NEW HANOVER COUNTY — As testing increases and social distancing rules relax, Covid-19 cases are on the rise in New Hanover County and North Carolina. The curve is getting steeper — not flatter.
Hospitalizations peaked statewide Monday, with 739 patients hospitalized for the virus and 77% of hospitals reporting data to the state.
New Hanover County Regional Medical Center (NHRMC) has seen a recent increase in Covid-19 hospitalizations, its spokesperson confirmed Monday. The hospital is below 90% capacity as of Monday, with the temporary ability to exceed its licensed occupancy if necessary, per a new state order. It is not clear exactly how many Covid-19 patients are currently hospitalized in New Hanover County.
“We are concerned by any uptick in cases, and with increased testing and easing restrictions we expect the numbers will increase. We continue to closely monitor the situation and remain prepared to respond in the event of a sudden outbreak in our region,” NHRMC spokesperson Julian March wrote in an email Monday.
Week-over-week, cases are creeping up. In just two weeks, New Hanover County logged 110 new Covid-19 positive cases, bringing its total case count to 278 as of Monday. In all, five people have died and 123 have recovered.
The rate of increase has sharply taken a turn upward; after weeks of sitting steady, adding an average of about 2.5 new cases each day, the county has tacked on an average of nine new cases daily since May 28, one week after Governor Roy Cooper’s phase two order took effect.
This represents a nearly threefold increase in the rate of new cases daily when using a consecutive five-day rolling average.
“The data does show that we’re seeing increases in cases,” Lisa Brown, New Hanover County Public Health preparedness coordinator said in an interview Friday.
“There’s a clear trend that’s heading up. And it’s gotten steeper. So I would love to eat those words next week and it’d be leveled off. But I’m afraid that this is a trend that’s going in a direction that we don’t want it to go,” Brown said.
Click to enlarge: The rate of positive Covid-19 cases is on the rise.
At least two things have recently changed: 1) state testing protocol has expanded the eligible pool of close contacts to now include asymptomatic individuals and 2) people are mingling, moving, and generally more relaxed about the virus.
When health officials test more people, they’re bound to find more cases. And when more people resume life as normal, relaxing safety measures previously taken under stay-at-home orders, the risk of spreading the virus rises.
The upward trend makes it more difficult for local health officials to keep track of who is most likely to contract the virus. “Obviously the higher volume of cases that you see — especially in a short amount of time — the more difficult that is to try to maintain and to do quickly,” New Hanover County Personal Health Services Assistant Director Carla Turner said, explaining recent difficulties faced by the county’s contact tracing team.
New Hanover County expanded its testing efforts with a drive-thru station April 29. The county anticipated seeing an increase in positive cases with the expanded testing. County data shows the rate of increase after this site became available did slightly tick up compared to the weeks prior. “Testing doesn’t make cases. Testing just finds cases that are already there,” Brown said.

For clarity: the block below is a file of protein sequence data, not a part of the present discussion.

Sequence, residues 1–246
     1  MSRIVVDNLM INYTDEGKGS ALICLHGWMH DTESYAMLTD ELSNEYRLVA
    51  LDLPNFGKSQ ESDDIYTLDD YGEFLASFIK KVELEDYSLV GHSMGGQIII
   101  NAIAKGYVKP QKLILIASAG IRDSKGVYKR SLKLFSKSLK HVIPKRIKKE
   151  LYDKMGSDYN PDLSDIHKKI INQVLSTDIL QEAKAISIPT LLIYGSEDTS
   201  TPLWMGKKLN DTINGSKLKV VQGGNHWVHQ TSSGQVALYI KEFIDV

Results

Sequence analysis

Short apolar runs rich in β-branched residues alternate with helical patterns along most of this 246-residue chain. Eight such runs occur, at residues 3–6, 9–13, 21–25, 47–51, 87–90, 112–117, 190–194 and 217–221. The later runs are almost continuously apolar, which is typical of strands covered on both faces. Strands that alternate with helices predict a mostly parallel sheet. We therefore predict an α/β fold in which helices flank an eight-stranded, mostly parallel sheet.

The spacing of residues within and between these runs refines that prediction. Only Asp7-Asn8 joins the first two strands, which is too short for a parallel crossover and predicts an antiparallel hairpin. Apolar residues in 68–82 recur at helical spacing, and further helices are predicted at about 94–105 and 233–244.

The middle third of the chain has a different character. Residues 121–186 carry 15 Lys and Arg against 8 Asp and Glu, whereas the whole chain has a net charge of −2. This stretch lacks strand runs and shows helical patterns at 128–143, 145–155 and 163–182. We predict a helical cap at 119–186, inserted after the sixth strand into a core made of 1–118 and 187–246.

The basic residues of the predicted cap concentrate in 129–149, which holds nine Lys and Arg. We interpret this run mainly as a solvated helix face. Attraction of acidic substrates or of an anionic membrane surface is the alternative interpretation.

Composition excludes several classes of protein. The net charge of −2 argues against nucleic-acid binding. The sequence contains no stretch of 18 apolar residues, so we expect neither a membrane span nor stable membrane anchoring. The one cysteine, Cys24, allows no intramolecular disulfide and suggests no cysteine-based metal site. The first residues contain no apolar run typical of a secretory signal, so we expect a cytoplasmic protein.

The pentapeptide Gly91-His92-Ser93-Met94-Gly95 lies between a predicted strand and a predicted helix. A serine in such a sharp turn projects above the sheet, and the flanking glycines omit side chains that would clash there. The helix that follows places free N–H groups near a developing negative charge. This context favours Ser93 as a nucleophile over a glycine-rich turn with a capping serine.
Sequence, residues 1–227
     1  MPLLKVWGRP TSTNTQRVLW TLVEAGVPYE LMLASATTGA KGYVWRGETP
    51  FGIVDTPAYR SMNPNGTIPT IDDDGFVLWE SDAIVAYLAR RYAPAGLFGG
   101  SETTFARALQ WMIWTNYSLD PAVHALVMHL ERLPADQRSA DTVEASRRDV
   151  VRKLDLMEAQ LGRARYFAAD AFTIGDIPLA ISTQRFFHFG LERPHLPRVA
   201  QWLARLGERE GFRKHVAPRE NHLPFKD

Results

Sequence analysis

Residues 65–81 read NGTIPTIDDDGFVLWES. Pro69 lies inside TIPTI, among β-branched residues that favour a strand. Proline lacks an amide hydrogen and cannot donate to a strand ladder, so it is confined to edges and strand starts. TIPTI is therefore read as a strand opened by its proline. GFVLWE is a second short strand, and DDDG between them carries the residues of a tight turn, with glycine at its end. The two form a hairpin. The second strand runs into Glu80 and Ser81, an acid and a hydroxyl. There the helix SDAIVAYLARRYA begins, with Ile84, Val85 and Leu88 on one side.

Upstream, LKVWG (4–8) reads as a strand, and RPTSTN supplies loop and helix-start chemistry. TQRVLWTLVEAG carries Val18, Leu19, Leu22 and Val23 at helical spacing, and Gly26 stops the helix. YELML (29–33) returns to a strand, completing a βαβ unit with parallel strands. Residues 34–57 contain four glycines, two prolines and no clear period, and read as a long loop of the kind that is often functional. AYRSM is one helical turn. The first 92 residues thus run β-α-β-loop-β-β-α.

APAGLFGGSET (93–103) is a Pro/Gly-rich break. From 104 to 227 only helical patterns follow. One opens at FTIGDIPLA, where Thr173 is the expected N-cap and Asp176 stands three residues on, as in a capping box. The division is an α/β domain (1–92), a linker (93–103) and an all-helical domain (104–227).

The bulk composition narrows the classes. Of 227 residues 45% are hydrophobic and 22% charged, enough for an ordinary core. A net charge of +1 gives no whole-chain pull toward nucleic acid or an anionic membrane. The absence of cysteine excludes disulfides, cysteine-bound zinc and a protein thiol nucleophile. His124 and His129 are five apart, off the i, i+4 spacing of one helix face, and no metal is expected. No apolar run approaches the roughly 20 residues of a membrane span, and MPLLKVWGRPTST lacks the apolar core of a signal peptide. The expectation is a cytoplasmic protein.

“We expected to see an increase in cases because we would be testing more. The issue is that that increase has maintained many weeks later and has gotten steeper,” Brown explained.
An earlier campaign to “flatten the curve” really did work, Brown said. But now, with life moving closer to normal and further from previous stay-at-home orders, she said it’s not surprising the virus is spreading.
“As we’re interacting more and people are in contact with other people more, especially if they’re not adopting those three Ws, wearing that mask, It’s not surprising that we would see cases also increase just understanding that is how the virus spreads.”
The wrong direction
Friday, White House Coronavirus Task Force coordinator Dr. Deborah Birx called the state’s Department of Health and Human Services to share concerns about how North Carolina’s key metrics are accelerating in the wrong direction.
Saturday, the state reported its highest number of new positive cases in a single day to date, with 1,370 new cases, bringing the total number of cases to 36,484 as of Monday.
Brunswick County added 27 new positive cases over five days last week, with its total positive case count at 144. The county partially contributed the increase to new state testing guidance that expanded the eligible pool of individuals that should be tested, including asymptomatic close contacts of positive cases. Last week, the county said the increase was “not considered a spike.” Asked whether this assessment is still relevant, county spokesperson Meagan Kascsak explained the county is seeing an increase along with the rest of the state’s counties.
“Brunswick and most surrounding counties have experienced triple-digit percentage increases in positive cases over the past month,” Kascsak said Tuesday morning.
Per capita, Brunswick (12) and New Hanover County’s (11) positive cases are still below the state average (23 per 10,000 residents). Pender County (18) and Columbus County (67) have the highest concentration of cases per capital in southeastern North Carolina.